2. Child placement
Across the study, this was mainly characterised by unplanned admissions and high occupancy rates. There was evidence better placements could be linked to attempts to specialise the purpose of children's homes.
3. Line management
This was highlighted as increasing specialist line manager posts and devolved responsibilities to unit managers. Supervision could still be dominated by a 'custodial' approach. Managers face competing demands and needed to protect supervision (page 188). A lack of clarity in objectives can limit line management.
4. Managing staff
There needs to be an awareness of the culture of public administration, there is a shift towards a human resource management approach. This includes planning and delivery of training for residential staff (page 189).
5. Monitoring and control
There needs to be a balance between regulatory and developmental inspection. There is a specific role in advice to unit managers and support for staff (page 191).
6. Management of external placements
There was greater involvement of senior management than in the past. There was evidence of data not being collected or analysed to inform the decision making processes.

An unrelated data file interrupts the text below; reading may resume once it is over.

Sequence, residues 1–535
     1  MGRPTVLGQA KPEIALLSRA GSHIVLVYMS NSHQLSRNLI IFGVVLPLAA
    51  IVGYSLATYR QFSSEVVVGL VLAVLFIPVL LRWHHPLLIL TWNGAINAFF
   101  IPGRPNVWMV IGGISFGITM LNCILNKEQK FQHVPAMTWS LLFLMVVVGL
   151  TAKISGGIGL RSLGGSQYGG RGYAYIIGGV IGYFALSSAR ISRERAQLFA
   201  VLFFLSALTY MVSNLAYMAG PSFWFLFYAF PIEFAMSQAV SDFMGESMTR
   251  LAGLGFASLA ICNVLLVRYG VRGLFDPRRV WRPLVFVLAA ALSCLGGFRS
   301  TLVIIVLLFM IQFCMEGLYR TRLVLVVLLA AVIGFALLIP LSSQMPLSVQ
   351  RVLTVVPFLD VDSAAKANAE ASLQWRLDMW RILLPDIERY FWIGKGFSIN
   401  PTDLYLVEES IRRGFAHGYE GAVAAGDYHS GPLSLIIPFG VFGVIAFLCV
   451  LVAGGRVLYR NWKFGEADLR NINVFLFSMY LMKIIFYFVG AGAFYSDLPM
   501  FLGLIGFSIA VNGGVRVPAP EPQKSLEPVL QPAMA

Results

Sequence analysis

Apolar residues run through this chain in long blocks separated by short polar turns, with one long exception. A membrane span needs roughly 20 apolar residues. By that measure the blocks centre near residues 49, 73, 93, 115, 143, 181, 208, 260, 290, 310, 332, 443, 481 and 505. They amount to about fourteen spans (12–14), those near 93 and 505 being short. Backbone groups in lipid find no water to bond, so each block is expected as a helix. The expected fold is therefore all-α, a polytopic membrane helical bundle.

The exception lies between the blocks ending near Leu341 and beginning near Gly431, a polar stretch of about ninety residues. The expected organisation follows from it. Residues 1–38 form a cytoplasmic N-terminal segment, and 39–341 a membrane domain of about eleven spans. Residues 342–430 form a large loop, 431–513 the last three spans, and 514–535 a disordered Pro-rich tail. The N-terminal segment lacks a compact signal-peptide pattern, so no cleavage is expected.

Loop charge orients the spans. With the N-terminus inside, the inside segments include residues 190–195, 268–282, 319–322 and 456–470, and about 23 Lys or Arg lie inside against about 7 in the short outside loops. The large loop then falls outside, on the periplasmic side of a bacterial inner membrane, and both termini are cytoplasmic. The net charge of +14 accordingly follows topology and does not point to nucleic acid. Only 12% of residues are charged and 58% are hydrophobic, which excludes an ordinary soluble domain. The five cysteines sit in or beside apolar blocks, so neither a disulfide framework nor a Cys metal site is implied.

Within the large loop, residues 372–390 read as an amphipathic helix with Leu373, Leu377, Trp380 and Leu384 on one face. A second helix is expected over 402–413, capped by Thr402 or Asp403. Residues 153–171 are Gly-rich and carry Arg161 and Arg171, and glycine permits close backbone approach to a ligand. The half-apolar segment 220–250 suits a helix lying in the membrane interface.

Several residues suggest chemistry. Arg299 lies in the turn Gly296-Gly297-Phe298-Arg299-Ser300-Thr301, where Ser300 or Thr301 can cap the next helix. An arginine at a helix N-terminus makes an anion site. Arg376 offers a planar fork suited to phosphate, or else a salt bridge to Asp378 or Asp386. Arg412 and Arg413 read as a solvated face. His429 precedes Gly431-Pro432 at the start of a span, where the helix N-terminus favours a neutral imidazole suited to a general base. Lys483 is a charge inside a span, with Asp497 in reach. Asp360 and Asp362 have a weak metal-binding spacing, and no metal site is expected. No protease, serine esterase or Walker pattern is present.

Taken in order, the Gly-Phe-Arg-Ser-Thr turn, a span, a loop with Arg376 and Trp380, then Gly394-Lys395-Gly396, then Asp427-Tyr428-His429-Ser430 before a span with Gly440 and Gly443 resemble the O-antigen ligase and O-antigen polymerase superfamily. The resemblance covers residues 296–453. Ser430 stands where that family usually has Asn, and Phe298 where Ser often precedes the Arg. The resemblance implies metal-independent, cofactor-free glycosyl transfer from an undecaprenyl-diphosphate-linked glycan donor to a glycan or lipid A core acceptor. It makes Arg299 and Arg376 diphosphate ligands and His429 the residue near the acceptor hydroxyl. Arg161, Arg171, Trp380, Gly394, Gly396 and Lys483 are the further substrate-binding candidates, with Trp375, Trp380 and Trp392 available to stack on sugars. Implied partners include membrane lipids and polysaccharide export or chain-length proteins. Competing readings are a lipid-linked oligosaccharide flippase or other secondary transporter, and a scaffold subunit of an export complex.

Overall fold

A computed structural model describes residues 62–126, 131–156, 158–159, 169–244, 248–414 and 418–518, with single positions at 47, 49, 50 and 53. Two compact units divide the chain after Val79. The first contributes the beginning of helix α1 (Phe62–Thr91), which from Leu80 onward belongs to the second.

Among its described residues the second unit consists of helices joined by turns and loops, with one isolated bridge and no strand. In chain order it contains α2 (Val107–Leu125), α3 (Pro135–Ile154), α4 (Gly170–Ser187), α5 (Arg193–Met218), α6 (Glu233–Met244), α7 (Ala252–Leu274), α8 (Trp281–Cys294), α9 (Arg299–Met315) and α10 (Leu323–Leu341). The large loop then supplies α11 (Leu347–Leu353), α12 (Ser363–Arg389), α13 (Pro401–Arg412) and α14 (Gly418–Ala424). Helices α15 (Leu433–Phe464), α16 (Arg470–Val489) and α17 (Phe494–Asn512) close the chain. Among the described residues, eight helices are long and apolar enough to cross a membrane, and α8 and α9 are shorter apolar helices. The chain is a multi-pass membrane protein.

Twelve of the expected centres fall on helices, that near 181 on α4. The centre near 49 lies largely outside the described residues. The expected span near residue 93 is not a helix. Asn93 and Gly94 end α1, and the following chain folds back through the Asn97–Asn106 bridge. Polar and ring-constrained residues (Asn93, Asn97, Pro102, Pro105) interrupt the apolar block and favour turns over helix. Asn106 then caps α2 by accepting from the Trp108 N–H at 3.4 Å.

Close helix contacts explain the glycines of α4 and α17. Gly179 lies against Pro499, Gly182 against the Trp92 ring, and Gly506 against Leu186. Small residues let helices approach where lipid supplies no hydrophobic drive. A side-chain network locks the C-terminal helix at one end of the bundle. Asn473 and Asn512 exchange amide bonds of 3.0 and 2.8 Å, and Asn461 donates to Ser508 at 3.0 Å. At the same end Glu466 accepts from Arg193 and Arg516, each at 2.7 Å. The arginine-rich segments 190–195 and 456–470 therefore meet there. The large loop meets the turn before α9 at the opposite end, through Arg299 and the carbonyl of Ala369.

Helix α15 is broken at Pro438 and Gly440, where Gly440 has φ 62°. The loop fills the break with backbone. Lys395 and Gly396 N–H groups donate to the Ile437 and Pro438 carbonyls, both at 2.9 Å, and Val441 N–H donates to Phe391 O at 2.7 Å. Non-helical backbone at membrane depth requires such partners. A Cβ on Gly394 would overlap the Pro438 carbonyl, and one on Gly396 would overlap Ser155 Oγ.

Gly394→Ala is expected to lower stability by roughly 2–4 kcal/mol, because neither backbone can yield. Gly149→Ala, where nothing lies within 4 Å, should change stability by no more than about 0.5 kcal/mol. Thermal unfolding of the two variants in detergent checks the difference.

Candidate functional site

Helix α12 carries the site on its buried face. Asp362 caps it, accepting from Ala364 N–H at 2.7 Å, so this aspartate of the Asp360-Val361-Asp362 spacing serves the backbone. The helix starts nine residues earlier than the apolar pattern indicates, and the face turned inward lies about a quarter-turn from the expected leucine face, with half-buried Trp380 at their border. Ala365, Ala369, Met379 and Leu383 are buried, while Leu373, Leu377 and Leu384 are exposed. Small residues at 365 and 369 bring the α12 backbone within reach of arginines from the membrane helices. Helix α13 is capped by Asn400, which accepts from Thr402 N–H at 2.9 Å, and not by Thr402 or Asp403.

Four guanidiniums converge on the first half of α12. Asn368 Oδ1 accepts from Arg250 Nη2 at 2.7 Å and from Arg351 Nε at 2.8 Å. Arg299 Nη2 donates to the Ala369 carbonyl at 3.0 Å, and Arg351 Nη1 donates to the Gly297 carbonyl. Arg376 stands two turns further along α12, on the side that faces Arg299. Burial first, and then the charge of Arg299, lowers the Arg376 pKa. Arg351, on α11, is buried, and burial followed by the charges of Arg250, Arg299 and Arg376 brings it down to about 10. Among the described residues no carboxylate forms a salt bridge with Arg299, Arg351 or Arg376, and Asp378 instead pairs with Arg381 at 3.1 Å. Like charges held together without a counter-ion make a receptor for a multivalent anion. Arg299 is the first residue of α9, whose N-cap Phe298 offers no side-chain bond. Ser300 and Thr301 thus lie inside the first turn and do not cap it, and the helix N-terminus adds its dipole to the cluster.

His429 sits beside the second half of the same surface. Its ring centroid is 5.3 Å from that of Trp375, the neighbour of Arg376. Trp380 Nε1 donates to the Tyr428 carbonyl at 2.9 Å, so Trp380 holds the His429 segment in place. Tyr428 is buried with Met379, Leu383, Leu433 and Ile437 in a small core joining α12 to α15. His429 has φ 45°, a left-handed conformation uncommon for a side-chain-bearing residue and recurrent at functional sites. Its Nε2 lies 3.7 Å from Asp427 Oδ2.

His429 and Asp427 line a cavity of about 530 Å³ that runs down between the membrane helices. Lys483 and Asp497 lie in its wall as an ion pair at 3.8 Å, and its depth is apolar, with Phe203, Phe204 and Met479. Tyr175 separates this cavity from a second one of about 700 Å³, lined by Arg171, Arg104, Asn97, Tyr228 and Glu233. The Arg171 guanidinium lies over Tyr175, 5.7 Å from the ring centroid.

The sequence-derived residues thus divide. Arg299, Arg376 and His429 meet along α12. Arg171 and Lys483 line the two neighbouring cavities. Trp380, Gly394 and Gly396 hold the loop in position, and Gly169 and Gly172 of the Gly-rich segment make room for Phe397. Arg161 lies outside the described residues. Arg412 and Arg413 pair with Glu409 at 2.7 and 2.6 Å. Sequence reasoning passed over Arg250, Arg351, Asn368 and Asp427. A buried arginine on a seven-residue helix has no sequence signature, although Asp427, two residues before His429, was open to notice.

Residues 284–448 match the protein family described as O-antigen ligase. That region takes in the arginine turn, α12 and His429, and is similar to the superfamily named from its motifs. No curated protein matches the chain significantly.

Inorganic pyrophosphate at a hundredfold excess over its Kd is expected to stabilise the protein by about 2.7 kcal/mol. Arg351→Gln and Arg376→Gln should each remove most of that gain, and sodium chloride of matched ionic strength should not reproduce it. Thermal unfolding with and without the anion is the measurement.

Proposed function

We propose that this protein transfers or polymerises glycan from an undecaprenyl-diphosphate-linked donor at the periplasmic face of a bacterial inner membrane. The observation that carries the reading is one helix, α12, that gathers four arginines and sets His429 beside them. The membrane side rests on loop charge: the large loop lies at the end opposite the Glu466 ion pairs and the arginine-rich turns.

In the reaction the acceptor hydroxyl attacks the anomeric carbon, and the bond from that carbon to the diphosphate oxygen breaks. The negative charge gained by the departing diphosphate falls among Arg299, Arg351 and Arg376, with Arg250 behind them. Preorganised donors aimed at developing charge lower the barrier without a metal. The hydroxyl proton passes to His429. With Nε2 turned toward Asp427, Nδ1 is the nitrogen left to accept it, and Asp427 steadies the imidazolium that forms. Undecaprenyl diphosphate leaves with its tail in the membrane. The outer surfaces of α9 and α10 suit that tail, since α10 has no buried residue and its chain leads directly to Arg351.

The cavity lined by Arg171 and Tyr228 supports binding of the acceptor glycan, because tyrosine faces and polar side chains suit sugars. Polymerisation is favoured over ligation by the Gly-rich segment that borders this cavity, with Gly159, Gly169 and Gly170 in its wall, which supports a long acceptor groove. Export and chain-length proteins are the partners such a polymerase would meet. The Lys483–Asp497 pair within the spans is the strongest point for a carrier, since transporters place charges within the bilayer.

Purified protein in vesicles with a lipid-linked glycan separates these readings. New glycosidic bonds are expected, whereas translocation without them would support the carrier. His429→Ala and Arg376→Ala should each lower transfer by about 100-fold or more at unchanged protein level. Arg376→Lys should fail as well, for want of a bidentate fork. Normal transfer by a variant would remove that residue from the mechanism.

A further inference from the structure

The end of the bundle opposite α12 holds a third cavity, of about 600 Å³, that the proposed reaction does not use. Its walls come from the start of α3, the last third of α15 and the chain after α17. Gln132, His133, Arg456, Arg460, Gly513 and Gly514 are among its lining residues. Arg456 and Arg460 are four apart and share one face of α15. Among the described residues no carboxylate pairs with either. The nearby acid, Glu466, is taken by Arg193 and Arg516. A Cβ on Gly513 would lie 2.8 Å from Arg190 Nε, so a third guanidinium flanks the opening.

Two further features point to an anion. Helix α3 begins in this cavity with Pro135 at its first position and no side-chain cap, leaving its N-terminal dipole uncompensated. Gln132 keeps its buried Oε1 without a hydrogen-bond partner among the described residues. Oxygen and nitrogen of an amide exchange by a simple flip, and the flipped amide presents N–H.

Whipp, R., Kirkpatrick, I. & Kitchener, M. (2005) Managing Residential Child Care: A Managed Service, Houndmills, Basingstoke: Palgrave MacMillan (Pg 186-193).
The researchers found that the organisational culture and value
of residential child care is paramount in defining the role of
external management. They also emphasised that the external
management of residential child care services is not simply the
relationship between an external manager and the 'person in
charge', highlighting the need for an 'inclusive' orientation: